“Many people still question how does medical abuse occur,” Crawford said. “My healthy son is a living witness that this is not a fairytale.”
In August, a Dallas County grand jury indicted Bowen on an additional charge — theft between $30,000 and $150,000. She is accused of unlawfully taking money from the Social Security Administration as part of her scheme.
McKay said she believes Bowen will be acquitted on the criminal charges against her.
“We believe Kaylene is innocent,” McKay said. “We believe that there are serious diagnoses that were diagnosed by medical expert doctors and we believe she has overseen his care but it’s damned if you don’t, damned if you do, according to these allegations.
“Had mom not done what she was required to do and ordered to do by doctors, it would have been medical neglect but then mom follows orders and now it’s abuse of a child.”
An unwanted agreement
Crawford admits he did not support the mediated agreement wholeheartedly.
Crawford said he didn’t want Bowen to have any access to Christopher but felt pressured by the mediator that the judge would order it regardless of his desires.
“It was rushed,” he said. “The mediator pretty much told me if I didn’t take that agreement, CPS, CASA (Court Appointed Special Advocates for children) and the child’s attorney were all against me. There was no way the judge would grant me what I wanted, which was no access,” Crawford said.
Louisa Lasher, a Munchausen expert who had recently began providing services to Crawford and his attorney, said she was appalled by the proposed agreement. So much so, she said, that she even sent a letter to the court last week listing her concerns.
Among her concerns was that a risk assessment evidently hadn’t been done on the mother’s sister. She also recommends that a specialized plan for contact, management and monitoring must be put in place based on that assessment.
Crawford said the mediator repeatedly told him, “How much damage could be done in two hours?”
“What do I do? Take it to trial and hope that people believe me? If they don’t, she has unlimited access,” Crawford said. “Or take the bargain, reminding myself that it’s only for two hours every other week? A very hard decision that either way can result to my child being harmed.”
In the end, he signed the agreement.
Not being believed is something with which Crawford says he has experience.
For years, he waged a battle in Dallas County family courts, insisting that the boy’s mother was lying about the boy’s health and trying to seek custody of his son. But the judges had always before sided with Bowen, one former judge even stripping away Crawford’s visits with his son.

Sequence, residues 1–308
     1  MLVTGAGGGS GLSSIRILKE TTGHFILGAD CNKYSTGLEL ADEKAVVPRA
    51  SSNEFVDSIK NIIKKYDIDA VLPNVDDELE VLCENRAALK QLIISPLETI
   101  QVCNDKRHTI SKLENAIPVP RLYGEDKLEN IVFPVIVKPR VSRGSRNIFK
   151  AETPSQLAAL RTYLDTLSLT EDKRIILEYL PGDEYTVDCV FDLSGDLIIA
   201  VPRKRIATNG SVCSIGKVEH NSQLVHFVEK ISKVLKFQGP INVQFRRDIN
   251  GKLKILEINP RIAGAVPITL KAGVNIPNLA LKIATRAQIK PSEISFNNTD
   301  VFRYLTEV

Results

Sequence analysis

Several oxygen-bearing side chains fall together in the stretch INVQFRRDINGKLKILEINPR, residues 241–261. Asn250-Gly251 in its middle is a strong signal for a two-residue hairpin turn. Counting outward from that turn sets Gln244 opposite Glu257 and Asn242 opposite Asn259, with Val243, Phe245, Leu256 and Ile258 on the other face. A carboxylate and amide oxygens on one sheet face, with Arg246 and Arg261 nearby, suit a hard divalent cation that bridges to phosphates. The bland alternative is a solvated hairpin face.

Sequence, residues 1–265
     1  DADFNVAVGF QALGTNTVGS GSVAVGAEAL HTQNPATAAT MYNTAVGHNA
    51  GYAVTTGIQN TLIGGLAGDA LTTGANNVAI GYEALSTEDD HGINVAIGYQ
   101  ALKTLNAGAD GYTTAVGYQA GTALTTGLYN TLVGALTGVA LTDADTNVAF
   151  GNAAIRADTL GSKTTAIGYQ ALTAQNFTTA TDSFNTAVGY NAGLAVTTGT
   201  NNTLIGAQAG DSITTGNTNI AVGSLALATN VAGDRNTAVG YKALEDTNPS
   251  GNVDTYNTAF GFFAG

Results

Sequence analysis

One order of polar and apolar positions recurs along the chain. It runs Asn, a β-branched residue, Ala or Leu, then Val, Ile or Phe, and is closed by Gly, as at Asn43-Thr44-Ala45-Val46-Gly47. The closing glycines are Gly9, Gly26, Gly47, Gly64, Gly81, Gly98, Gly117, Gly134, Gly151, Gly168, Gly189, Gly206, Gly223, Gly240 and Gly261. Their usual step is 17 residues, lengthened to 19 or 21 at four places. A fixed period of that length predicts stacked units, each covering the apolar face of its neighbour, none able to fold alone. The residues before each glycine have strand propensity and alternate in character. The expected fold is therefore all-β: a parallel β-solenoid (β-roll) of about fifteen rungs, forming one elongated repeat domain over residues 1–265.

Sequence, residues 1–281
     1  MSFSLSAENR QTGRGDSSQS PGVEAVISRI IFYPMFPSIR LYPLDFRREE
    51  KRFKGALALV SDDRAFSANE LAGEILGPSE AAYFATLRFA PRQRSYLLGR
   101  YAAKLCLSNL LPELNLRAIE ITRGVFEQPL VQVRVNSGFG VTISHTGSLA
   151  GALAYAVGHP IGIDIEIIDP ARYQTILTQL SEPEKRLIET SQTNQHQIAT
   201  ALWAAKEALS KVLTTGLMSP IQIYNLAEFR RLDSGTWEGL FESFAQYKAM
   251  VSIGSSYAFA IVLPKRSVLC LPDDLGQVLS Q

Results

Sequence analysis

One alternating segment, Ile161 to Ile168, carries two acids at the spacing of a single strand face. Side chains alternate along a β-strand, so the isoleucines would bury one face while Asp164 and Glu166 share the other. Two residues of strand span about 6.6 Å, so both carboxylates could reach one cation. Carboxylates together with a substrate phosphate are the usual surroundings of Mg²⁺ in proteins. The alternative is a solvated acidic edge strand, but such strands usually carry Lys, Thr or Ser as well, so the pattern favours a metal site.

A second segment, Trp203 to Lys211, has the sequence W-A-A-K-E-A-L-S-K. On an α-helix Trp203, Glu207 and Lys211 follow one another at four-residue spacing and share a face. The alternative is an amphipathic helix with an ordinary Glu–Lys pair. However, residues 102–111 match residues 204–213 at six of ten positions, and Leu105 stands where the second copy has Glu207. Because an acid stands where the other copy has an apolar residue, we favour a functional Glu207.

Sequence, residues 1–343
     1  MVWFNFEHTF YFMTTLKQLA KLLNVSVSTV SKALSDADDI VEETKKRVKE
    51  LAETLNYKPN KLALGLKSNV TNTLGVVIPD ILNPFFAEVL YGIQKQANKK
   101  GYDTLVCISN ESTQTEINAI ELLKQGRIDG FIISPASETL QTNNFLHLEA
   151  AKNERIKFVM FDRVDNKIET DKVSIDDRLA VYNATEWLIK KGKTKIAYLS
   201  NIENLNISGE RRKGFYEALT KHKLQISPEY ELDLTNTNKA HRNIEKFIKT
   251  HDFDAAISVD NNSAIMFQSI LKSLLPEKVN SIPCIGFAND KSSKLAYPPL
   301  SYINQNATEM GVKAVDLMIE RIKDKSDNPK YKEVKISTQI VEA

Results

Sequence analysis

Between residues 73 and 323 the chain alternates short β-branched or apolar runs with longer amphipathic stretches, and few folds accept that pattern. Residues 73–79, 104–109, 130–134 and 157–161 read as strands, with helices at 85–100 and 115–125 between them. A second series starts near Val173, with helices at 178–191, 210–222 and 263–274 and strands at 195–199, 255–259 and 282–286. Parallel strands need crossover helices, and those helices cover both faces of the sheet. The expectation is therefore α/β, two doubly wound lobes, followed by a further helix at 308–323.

Crawford said he reported his concerns to Child Protective Services but they took no action.
It was only after staff at a Dallas hospital raised concerns about the mother with CPS — the second such report made by medical providers since 2015 — that CPS removed Christopher and two half-siblings from Bowen’s custody in late November 2017.
Christopher would spend a month in foster care before a family judge granted temporary custody of the boy to his father just days before Christmas. She was later granted supervised visits with her son.
“The court system failed Christopher. The pain, anger and disappointment I have in the system is so overwhelming. Laws have to be changed, judges have to be voted out, and CPS has to be restructured,” Crawford said.
Today, Christopher is a fourth-grader making mostly A’s and B’s. His father says his son is very athletic, continues to undergo counseling and loves playing Fortnite.
Crawford said the only thing his son suffers from is seasonal allergies and asthma.
He said he hopes to take Christopher to Disney World one day.
Christopher has been there only one other time, as part of a Make-A-Wish trip that his mother had organized. Crawford said his son told him the best part was when he had to go to the bathroom because that was the only time he was allowed out of the wheelchair.
He had to sit in a wheelchair the entire time and not get to ride any of the rides, not get to enjoy being free and being a child that you should be at Disney World,” Crawford said.
“I want so much for Christopher and his new life. I regret I wasn’t able to save him from many years of the tragedy. It truly hurts my heart, but through my family and friends’ prayers, Christopher lived through it all.”